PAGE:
Beck can certainly get a little more creative moving forward with a player like Burkhead at his disposal. Having already been used under center, on running back passes and as the Wildcat quarterback this season, Burkhead will likely be front and center in the Huskers' new aggressive approach, which suits him just fine.

"It's a lot of fun to act like you are the quarterback every once in a while," Burkhead said. "You get to show your versatility and other things you can do out on the field. Whenever you get in that situation, to be able to pass the ball or run like you are the quarterback at certain times in the game, it can be really fun."

- Robin Washut

Cotton's absence will be felt

Nebraska suffered two blows when junior tight end Ben Cotton went down with a shoulder injury against Penn State.

With him out of the lineup for at the very least this week's game at Michigan, the Huskers will not only be without one of their top tight ends, but also without one of their overall team leaders.

"Obviously it's tough to lose a guy like Ben, because he really was playing well all the way around; in the run game, pass game, great leadership," Beck said. "You know, he just has those uncanny instincts as a player.

"You lose some of those things when you play a younger guy, but we're not changing at all. We're going to do what we do."

As far as X's and O's are concerned, Cotton played a huge roll in Nebraska's running game, as his blocking on the edge has helped break some big runs all season. He was also a timely receiving threat, with many of his 13 receptions on the year resulting in key third down conversions.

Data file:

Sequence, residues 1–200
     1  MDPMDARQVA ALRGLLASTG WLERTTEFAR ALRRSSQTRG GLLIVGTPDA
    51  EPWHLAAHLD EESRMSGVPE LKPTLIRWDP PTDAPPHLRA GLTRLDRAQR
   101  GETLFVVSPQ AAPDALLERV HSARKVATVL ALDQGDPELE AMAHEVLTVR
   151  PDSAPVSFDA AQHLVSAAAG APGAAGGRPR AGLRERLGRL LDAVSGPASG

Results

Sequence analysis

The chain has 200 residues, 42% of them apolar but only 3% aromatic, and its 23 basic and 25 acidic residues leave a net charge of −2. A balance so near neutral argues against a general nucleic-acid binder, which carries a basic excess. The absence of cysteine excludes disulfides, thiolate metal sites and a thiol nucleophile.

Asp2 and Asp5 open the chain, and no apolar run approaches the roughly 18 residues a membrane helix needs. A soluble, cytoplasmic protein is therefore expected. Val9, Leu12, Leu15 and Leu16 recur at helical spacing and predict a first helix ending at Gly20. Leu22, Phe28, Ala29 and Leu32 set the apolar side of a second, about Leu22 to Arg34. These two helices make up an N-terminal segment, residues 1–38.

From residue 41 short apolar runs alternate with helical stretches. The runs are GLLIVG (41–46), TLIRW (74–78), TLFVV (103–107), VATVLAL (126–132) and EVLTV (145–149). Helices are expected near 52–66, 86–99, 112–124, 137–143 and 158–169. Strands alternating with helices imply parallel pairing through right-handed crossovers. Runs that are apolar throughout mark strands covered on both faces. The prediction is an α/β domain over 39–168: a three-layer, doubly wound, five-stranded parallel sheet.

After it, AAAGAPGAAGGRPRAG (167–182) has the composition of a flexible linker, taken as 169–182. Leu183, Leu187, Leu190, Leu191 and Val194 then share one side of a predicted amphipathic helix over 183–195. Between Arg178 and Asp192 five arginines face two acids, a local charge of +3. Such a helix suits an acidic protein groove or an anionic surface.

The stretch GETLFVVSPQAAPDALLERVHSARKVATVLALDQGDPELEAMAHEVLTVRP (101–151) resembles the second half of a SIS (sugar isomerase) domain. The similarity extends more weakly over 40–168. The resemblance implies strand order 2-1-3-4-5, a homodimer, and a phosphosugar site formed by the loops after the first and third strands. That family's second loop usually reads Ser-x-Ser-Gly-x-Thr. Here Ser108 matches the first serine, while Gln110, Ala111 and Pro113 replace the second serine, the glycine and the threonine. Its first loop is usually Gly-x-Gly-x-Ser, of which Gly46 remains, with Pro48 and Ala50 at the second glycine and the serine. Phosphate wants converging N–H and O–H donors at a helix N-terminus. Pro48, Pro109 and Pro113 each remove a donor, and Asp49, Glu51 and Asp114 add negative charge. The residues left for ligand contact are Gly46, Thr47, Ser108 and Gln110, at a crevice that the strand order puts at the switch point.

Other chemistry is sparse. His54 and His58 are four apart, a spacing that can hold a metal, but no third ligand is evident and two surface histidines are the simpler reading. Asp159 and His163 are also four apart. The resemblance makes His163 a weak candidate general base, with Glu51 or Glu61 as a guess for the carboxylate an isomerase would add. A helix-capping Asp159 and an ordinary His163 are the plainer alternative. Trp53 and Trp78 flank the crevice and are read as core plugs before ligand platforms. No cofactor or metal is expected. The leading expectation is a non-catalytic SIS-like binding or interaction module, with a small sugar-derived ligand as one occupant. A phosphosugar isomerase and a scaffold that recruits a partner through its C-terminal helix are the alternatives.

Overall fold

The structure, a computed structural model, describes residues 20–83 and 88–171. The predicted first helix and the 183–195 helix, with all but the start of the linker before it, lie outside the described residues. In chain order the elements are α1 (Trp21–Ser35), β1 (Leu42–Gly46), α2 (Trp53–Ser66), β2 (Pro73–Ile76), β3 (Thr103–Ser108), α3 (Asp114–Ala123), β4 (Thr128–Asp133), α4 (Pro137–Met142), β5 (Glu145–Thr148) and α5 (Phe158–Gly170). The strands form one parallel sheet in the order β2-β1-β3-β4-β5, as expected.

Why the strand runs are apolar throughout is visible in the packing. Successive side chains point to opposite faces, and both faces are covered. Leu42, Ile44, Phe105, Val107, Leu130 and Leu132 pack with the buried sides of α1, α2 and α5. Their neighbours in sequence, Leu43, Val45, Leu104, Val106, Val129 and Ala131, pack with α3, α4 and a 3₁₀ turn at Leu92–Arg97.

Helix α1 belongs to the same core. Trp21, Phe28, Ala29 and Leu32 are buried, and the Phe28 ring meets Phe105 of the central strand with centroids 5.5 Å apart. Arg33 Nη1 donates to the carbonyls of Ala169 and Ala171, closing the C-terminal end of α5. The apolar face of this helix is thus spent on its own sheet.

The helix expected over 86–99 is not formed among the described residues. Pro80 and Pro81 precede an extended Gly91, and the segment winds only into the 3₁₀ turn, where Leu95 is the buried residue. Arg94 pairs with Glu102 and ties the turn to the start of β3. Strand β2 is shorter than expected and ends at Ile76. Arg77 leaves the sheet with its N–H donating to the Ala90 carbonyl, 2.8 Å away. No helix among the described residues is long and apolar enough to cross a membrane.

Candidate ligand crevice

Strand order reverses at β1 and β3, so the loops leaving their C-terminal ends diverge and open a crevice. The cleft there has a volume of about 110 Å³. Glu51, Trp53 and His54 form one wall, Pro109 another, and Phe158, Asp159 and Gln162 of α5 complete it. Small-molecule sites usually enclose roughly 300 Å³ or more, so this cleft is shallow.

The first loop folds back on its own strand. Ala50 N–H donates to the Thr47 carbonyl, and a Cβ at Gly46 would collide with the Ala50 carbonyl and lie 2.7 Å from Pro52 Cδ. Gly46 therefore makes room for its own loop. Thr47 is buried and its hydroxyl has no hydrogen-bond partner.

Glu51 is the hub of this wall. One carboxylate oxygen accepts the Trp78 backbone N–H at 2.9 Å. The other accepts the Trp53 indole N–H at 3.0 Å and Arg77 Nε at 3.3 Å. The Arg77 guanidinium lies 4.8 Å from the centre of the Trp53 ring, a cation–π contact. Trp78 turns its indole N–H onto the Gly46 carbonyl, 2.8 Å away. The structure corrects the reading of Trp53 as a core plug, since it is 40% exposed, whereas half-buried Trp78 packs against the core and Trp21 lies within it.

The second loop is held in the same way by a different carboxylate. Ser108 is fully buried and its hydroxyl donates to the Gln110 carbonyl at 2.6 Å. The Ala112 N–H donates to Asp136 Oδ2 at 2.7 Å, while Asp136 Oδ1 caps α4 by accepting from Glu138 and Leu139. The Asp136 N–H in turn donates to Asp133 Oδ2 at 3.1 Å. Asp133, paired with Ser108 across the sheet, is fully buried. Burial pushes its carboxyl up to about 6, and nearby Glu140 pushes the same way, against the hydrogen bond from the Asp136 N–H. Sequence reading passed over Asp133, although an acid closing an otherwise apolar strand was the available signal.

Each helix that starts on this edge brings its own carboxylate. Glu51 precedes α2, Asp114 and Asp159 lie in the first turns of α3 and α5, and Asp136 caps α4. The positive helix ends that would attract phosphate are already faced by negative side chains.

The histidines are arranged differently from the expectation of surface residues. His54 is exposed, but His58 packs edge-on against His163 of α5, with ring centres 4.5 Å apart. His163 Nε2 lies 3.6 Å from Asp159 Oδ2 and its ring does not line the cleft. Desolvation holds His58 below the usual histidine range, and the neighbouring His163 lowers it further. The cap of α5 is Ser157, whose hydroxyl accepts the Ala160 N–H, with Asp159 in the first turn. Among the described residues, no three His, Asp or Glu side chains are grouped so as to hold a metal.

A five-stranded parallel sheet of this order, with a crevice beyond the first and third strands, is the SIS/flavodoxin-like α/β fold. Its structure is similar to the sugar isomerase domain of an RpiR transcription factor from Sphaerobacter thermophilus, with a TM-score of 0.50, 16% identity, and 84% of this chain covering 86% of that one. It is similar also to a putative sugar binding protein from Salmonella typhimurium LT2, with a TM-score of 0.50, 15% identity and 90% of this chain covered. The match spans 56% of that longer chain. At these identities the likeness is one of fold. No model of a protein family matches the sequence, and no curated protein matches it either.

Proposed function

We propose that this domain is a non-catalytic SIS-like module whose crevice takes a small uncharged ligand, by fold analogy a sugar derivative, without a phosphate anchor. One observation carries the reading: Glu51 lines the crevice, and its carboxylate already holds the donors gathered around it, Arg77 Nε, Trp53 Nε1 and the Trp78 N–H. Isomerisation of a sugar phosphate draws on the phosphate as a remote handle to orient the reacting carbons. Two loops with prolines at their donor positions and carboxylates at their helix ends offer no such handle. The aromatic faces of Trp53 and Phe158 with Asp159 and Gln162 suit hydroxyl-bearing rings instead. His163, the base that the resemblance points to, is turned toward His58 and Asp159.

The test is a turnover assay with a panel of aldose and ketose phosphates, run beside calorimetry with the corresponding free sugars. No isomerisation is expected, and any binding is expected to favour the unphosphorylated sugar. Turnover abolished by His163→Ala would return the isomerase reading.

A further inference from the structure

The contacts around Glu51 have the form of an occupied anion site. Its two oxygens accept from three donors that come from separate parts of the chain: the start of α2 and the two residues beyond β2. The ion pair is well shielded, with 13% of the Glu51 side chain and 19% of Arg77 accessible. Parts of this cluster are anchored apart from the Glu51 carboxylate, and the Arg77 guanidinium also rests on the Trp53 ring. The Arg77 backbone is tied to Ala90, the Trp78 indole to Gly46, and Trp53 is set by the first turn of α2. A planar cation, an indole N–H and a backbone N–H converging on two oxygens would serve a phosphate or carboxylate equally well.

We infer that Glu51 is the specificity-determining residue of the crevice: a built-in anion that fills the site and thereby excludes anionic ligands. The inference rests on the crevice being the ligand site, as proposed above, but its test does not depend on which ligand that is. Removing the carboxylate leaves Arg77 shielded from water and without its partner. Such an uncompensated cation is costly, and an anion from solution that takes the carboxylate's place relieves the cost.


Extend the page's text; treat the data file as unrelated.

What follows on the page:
What will be equally missed is the leadership he brought to the Huskers' locker room and out on the field. Beck said not having a guy with Cotton's fire would obviously be a big loss, but he was confident the rest of NU's offensive leaders would be ready to step up in his absence.

"There's other guys," Beck said. "Ben's one of them, but have (Tyler) Legate, Rex, Taylor, and (Mike) Caputo, and Brandon Kinnie and (Tim) Marlowe. You'll see a lot of those guys step up."

- Robin Washut

Quick hits

***Co-offensive line coach John Garrison said Cole Pensick was still the No. 3 guard at this point behind Long and Seung Hoon Choi. He said there's chance Brent Qvale would not even be on Nebraska's travel roster, as he continues to recover from a concussion despite returning to practice this week.

***Garrison said Michigan defensive tackle Mike Martin was one of his favorite defensive players to watch on film just because of the physicality he brings on every play.

***Going through the gauntlet of stingy defenses in the Big Ten, Garrison said it's been getting a little difficult trying to emphasize how good each opposing defense would be during practice and film sessions each week. He joked that telling his guys they would be going up against the one of the best defenses in the country was starting to lose some of its impact because he's been telling them that seemingly every week.

***Co-offensive line coach Barney Cotton said he's been very pleased with the play of Choi and Long since they've emerged as the clear starters at guard. Cotton said Choi's strength was what has separated him from the rest of the pack, as he is one of the team's strongest players in the weight room. As for Long, Cotton said his tenacity and quick feet were his biggest attributes.

***Running backs coach Ron Brown talked about the challenge of getting the team mentally ready for another crucial road game in a hostile venue this week at Michigan. He said the Huskers had been through a lot this year with all the different circumstances the team has faced, and they've handled it all very well. He said the challenges have only made the team stronger and more mature as a result.

***Brown said Michigan's defensive line has been able to get a great push on opposing offensive lines all season long, particularly in short yardage situations. He said that has forced the offensive line and running backs to turn up the intensity even more than usual this week in practice.